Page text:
Keeping Kids Safe Online – Ashleigh's Legacy
A year ago today the body of Darlington teenager Ashleigh Hall was found in a field, not too far from Sedgefield. She'd been kidnapped, raped and murdered by serial sex attacker Peter Chapman.
The pair had met on Facebook after he'd posed as a 19 year old boy to lure the child care student into his trap.
After Ashleigh agreed to meet him, he pretended to be that 19 year old boy's Dad, to take her to him safely. It was when she became worried that he attacked her.
As police investigations continued into Ashleigh's murder, officers quickly discovered Ashleigh wasn't the only teenager that Chapman was grooming. Ever since then Durham Police, Darlington Borough Council and Darlington College have been trying to make sure that never happens again.
First up, her friends and fellow students at the college came up with a list of "Ashleigh's Rules" to help other kids across the County stay safe.
- If ever meeting up with somebody who is alien to you or your friends, make sure that you meet them in a group of at least 2-3 and in a public, well lit and populated area.
- Inform somebody of where you are going and what time you should be back, also the name of who you are meeting.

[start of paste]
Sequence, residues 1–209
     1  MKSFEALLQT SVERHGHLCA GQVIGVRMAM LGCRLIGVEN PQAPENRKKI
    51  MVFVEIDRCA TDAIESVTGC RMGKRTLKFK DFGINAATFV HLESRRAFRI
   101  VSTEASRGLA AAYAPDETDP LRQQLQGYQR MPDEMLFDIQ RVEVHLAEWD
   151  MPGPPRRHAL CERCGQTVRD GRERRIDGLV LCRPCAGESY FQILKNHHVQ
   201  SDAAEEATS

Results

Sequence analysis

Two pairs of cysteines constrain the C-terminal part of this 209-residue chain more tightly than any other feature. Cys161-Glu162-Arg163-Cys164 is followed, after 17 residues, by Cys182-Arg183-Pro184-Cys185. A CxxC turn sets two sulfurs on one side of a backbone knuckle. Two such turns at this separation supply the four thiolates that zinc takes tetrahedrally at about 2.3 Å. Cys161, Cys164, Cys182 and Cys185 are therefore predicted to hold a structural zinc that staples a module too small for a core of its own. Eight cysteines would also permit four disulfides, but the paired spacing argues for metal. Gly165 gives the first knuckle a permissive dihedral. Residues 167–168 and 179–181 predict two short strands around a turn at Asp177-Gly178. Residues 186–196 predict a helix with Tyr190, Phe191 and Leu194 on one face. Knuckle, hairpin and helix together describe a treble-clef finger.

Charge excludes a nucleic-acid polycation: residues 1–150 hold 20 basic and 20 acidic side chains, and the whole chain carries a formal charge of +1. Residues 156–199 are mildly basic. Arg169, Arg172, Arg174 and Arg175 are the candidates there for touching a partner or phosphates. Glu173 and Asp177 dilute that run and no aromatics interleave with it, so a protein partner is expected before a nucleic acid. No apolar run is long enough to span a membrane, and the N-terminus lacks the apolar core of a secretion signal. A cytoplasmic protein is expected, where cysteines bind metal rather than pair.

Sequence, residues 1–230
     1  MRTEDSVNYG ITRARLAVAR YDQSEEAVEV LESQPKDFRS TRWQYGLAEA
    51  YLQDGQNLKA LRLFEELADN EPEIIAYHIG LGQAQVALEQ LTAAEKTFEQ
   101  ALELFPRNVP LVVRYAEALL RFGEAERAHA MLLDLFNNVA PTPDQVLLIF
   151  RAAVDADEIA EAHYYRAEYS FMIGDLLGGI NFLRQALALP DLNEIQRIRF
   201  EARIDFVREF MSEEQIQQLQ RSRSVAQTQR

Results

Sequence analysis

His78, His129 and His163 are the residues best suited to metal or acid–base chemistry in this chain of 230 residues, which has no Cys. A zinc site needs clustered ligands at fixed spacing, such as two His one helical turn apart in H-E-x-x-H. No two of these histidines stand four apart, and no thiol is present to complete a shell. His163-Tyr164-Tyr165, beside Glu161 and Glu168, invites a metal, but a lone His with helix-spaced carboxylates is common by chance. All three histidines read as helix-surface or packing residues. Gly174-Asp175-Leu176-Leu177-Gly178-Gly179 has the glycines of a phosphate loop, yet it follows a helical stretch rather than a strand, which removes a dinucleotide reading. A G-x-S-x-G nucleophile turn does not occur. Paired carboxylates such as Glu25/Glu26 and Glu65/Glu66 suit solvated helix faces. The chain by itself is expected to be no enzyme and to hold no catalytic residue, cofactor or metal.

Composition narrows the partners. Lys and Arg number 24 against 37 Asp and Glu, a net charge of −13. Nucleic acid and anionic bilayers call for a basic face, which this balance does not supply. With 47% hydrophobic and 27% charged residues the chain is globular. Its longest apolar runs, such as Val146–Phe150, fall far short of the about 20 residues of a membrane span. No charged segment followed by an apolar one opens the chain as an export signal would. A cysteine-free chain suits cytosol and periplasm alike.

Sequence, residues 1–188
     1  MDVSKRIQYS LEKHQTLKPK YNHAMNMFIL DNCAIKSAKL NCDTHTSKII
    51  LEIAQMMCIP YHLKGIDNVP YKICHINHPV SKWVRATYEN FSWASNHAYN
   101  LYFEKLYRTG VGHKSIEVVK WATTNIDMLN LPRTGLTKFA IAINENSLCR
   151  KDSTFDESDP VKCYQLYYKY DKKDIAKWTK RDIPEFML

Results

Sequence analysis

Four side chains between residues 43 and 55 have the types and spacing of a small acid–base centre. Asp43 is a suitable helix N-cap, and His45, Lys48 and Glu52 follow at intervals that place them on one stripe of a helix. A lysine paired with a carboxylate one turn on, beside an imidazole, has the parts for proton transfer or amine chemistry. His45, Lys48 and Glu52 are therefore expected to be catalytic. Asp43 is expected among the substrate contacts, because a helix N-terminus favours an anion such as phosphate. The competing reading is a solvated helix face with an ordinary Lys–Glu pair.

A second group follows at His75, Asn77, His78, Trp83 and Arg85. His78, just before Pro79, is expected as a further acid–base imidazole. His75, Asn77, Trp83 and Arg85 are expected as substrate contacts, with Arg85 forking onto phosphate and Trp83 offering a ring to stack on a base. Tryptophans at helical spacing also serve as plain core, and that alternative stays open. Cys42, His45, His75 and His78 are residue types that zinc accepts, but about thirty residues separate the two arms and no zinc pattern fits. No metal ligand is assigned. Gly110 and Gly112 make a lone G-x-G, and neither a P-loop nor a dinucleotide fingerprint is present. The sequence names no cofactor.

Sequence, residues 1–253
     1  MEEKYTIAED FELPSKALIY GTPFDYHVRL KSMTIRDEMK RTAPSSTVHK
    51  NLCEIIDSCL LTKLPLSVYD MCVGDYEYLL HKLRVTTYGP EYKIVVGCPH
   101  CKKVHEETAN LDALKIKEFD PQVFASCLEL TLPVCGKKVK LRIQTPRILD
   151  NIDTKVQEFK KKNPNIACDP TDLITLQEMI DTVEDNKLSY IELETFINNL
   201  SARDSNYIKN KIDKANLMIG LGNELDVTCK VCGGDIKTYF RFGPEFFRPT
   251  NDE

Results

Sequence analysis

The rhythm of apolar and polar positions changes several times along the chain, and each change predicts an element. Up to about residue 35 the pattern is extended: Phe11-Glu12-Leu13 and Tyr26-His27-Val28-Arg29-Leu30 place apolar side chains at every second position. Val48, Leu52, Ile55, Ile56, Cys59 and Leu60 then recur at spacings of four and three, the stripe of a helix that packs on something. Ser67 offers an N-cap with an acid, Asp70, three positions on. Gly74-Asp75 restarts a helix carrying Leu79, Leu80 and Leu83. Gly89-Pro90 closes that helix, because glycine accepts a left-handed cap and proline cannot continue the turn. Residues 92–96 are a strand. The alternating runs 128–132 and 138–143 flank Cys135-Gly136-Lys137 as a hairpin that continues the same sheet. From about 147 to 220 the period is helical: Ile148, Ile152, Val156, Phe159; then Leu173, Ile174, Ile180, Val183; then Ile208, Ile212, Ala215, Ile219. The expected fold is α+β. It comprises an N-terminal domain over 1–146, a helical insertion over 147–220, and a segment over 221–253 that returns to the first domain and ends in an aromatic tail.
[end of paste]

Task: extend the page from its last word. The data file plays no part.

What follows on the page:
- Don't accept anyone on social networking sites that you don't know.
- Remember, never trust anyone who you have met online. You don't know what they're capable of.
- Never tell a stranger on network sites or chat rooms anything personal about yourself, eg. Where you live, Date of Birth etc.
- Never meet anyone you don't know. Simple as!
Chief Superintendent Andy Reddick led the team that convicted Chapman. Here's some advice from him:
EXTRA ADVICE FOR MUMS AND DADS
THERE'S ALSO SOME EXTRA ADVICE FOR SCHOOLS TOO...
Ashleigh's death rocked communities across County Durham and Darlington.
So much so, the childcare student's still helping other teens stay safe now.
It's after a group of other teenagers from her hometown decided to make a film, based loosely on her story, to warn other kids about the dangers which are lurking online.
'Choices' is going into all schools in the area. Here's a glimpse of it...
That is what people need to remember on Facebook, or any other social networking sites.
Once that app is downloaded it can act like a panic button for children. So, if they worry about something that someone says to them, they can click on the link.
That will then take them directly to CEOP - that is the Child Exploitation and Online Protection Centre.
Facebook added it to their sites in July and in just a month fifty five thousand people had added it to their profiles. Five thousand of them then asked for help, advice and support.
If your children do not have the `Click CEOP` app, but you are worried they are talking to someone they should not be, you can also get help from CEOP experts.
Just click on: www.ceop.police.uk
PARENTAL ADVICE ON INTERNET SAFETY
If you are worried about your child's safety on the internet...
Then Star News has some top tips on how you can do you're bit to make it safer.
We have been speaking to IT expert Tom Probst about what is the best way to make sure your child is safe when they go online:-